Violet and crimson bursts of tulip magnolias and eastern redbud trees in early spring stirs a renewed awareness of our yards and landscapes, as new life emerges from several months of dormancy.  Naturally, many of us are beginning to plan, or have been planning, landscape projects to improve curb appeal and livability for the coming warm months. Whether you’re adding a new patio or building a custom home and commissioning a professional landscape designer, there are several planning considerations that we encourage homeowners to give extra thought to, and the earlier in the process the better.

How will landscaped space be used? The answer is intuitive at your existing home; how do you currently use your outdoors, and what improvements can be made to facilitate desired activities? But this requires diligent thought in new construction. Take the time to walk your homesite and consider how the yard will be used. Are you more partial to an unobstructed flat lawn for field play or the aesthetic of mulched and planted beds for more of a garden appeal? How much of your lot do you want to keep natural? Do you foresee any extension of your home’s entertaining space into the yard? If so, you’ll want to examine the topography of the lot early on to integrate patio and porch designs with the natural grade to create a comfortable flow into the yard.

Ongoing maintenance and irrigation requirements: Different grass species require different watering and mowing schedules, and indigenous shrubs and tree species typically require less irrigation than exotic species. When shopping for plantings and sod, inquire about the maintenance requirements of the plants your interested in. The upkeep might not be worth the aesthetic. Also, bear in mind existing tree canopy presence; if you have a lot of shade you will want to select a cool season grass and shade tolerant plantings, and vice versa if you have full sun.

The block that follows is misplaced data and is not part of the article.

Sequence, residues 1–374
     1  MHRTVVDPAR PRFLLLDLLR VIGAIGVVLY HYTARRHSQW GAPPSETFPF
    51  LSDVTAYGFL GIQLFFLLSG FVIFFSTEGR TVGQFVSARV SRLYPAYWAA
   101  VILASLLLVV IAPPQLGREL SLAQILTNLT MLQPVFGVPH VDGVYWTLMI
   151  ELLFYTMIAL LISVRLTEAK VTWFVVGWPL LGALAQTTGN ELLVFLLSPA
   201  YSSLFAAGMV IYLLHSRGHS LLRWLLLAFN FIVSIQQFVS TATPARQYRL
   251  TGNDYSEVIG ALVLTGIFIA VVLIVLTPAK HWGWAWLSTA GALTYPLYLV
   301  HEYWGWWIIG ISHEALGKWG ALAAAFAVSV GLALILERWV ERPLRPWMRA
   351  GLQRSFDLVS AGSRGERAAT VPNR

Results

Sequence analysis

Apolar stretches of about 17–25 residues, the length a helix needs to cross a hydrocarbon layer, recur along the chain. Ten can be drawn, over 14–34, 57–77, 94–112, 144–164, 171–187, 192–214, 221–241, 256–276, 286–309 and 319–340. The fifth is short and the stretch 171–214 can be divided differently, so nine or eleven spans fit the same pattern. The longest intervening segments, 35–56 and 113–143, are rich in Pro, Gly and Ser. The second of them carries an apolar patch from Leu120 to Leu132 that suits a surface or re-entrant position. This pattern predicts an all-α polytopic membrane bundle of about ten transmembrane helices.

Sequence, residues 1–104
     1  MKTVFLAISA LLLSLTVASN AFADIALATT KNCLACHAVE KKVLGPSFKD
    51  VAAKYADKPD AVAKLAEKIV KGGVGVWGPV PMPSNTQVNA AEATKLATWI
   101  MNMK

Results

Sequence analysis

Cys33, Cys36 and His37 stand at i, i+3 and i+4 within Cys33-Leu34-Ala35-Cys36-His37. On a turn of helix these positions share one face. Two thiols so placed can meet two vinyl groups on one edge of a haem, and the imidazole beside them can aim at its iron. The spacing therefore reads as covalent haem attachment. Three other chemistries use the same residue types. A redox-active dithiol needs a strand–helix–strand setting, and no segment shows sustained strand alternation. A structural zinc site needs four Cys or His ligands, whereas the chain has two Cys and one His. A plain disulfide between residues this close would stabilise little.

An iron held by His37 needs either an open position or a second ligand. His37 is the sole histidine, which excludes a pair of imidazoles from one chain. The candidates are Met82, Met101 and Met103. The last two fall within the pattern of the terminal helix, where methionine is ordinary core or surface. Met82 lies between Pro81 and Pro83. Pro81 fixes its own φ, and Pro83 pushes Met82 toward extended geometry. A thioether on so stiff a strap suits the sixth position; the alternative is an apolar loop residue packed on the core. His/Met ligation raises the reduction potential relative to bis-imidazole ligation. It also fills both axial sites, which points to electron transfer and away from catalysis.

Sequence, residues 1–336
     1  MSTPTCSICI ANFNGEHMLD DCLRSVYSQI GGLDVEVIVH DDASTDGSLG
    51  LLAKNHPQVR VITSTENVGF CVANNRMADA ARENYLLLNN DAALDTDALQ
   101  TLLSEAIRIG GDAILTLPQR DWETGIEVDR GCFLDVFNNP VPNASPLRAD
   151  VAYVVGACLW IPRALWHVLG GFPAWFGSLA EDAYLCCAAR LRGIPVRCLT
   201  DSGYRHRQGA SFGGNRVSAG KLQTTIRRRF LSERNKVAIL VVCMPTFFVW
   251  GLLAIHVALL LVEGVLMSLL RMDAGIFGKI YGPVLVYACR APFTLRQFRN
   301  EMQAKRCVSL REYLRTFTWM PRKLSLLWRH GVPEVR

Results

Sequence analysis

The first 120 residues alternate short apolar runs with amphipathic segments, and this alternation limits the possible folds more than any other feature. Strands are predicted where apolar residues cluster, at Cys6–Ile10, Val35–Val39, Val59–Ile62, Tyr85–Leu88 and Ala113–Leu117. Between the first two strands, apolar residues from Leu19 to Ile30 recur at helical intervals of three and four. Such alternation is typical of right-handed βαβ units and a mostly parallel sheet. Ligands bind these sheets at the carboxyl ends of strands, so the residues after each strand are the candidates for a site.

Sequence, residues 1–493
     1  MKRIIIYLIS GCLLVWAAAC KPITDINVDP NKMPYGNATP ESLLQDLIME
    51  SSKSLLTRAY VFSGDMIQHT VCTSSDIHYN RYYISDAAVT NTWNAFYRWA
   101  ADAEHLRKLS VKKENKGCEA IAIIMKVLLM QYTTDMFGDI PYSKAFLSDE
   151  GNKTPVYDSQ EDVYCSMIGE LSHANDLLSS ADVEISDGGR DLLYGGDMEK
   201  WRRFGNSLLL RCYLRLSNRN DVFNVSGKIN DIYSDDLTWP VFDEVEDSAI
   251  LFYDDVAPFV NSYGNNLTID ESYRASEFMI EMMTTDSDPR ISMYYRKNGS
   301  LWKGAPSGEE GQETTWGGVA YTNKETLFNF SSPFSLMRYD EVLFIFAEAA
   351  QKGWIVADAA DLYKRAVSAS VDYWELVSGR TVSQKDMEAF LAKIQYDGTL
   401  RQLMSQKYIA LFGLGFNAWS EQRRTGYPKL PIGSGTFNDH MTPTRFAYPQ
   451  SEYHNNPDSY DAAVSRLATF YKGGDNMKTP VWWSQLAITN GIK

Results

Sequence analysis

Sight-lines and plant sizing: Take the time to think about the various vistas of your yard. What would you like to see from the master bedroom window, from the kitchen sink, and from the back deck looking out? When planting shrubs, hedges, or trees in the beds around the foundation, think about how future growth could obstruct the views from your windows or porches. Similarly, size your plantings for future growth, not present size. For example, when looking out across your yard you may envision a row of 10-foot junipers across the back-property line, but if you install 10-foot junipers then you will soon be pruning and stunting the tree to maintain its size. This will result in thick, stubby branches visible at the edge of the plant, and requires more maintenance.

Drainage: Water is the biggest enemy to a home, and thoughtful landscaping can serve as a critical water defense. The land should be graded and compacted to shed water away from the foundation. Tree and shrub root systems help water penetrate the earth while grasses and ground covers prevent erosion of the topsoil. When installing hardscapes like patios and sidewalks, ensure these surfaces are sloped to promote drainage, and work with the existing slope of the ground.

Finally, for custom home builds, budget realistically and appropriately. Landscaping proposals include plantings, seed and sod, mulch, labor, grading, irrigation, lighting, and other elements that add up quickly. It is paramount to think through the above considerations and speak with a landscaping professional early in the process to receive preliminary bids of what the real costs are going to be. If the landscape of your dreams is going to cost thousands more than you anticipate, it may be worth reducing the cost of the house to fit it all in the total budget.